GlobalData’s latest report, ‘United Arab Emirates (UAE) Power Market Outlook to 2035, Update 2022 – Market Trends, Regulations, and Competitive Landscape’, discusses the power market structure of the UAE and provides historical and forecast numbers for capacity, generation and consumption up to 2035. Detailed analysis of the country’s power market regulatory structure, competitive landscape and a list of major power plants are provided. The report also gives a snapshot of the power sector in the country on broad parameters of macroeconomics, supply security, generation infrastructure, transmission and distribution infrastructure, electricity import and export scenario, degree of competition, regulatory scenario, and future potential. An analysis of the deals in the country’s power sector is also included in the report.
The UAE currently relies on thermal power for most of its electricity supply, and in 2021 this accounted for 92.6% of its total electricity generation. However, the country is looking to reduce its dependency on thermal power and move towards clean energy. The country aims to meet 30% of its power needs using clean energy by 2030.
The UAE is working to introduce pumped hydro into the country’s power mix. This is expected to start with the Al Hattawi pumped storage plant when it begins commercial operations in 2026. The project is being designed to use and store water from the existing Hatta dam for generating electricity during peak demand periods. The project was launched as part of the Dubai Clean Energy Strategy 2050, which aims for three-quarters of the UAE’s total power output to be from clean energy sources by 2050.
The largest source of clean energy opportunities is expected to emerge from the renewables sector, especially solar. Conditions in the UAE are ideal for solar power generation, and the government is assigning large swathes of barren land for solar parks (both photovoltaic [PV] and Concentrated Solar Power [CSP]), which will help satisfy local demand as well as meet export requirements.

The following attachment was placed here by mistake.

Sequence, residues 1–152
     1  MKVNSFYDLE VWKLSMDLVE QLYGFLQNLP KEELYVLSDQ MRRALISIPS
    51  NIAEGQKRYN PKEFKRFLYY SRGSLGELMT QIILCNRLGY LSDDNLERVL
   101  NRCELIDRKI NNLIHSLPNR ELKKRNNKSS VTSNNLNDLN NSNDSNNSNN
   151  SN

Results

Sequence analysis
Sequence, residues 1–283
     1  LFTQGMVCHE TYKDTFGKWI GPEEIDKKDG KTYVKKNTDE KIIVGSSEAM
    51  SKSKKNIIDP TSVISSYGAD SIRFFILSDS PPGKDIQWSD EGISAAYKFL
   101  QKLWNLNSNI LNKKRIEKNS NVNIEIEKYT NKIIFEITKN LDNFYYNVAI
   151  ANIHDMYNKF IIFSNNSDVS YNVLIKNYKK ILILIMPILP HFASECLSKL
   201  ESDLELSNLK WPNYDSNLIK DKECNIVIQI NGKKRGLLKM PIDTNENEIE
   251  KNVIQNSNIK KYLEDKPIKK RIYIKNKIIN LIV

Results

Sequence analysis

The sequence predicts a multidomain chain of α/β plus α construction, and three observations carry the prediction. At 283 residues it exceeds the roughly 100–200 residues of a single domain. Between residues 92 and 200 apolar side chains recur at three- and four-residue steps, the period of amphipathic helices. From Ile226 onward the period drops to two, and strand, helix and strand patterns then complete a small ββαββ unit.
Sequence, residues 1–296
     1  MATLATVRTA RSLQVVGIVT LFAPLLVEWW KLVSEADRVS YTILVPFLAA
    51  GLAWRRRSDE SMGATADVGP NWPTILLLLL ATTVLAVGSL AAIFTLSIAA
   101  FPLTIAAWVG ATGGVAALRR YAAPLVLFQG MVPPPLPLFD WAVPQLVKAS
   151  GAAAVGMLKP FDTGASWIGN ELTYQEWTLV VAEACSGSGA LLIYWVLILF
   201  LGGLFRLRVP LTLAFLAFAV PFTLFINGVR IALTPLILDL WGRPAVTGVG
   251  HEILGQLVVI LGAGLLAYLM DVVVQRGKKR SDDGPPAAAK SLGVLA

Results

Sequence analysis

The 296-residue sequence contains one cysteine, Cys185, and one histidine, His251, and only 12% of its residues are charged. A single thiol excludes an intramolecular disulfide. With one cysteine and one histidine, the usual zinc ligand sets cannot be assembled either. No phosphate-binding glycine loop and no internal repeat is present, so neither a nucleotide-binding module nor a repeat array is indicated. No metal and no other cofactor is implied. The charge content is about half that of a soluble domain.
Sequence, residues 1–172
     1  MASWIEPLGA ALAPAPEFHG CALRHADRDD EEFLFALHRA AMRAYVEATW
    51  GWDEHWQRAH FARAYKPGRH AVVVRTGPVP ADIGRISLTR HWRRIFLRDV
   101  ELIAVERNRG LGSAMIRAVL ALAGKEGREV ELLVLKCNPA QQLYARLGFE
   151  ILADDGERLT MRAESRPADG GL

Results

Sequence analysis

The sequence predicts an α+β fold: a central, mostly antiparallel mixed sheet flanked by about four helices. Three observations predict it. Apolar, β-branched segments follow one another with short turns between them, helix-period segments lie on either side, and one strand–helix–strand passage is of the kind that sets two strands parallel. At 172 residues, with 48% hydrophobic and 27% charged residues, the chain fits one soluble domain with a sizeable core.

If the planned solar parks go ahead, key challenges for the solar technology could include excessive heat impacting module efficiency, as well as the damage that could be inflicted upon the solar panels and mirrors due to dust and sand. This would increase the cost of maintenance of the solar PV plants.
The country has several support mechanisms, such as smart Dubai initiatives, net metering and auctions. The UAE aims to generate 50% of its electricity from carbon-free sources, driven mainly by solar PV, by 2050. Abu Dhabi plans to install 5.6GW of solar PV capacity by 2026, and Dubai aims to source 75% of its electricity generation from renewables by 2050. These targets are expected to aid the rapid deployment of renewable power plants in the country.
Real Gross Domestic Product (GDP) (USD, 2010 prices) increased from $289.8bn in 2010 to $389.3bn in 2021. The GDP had a yearly growth rate of 2.5% in 2021 as compared to 2020, due to the Covid-19 pandemic. The GDP witnessed an average annual growth of 2.8% from 2011 to 2021.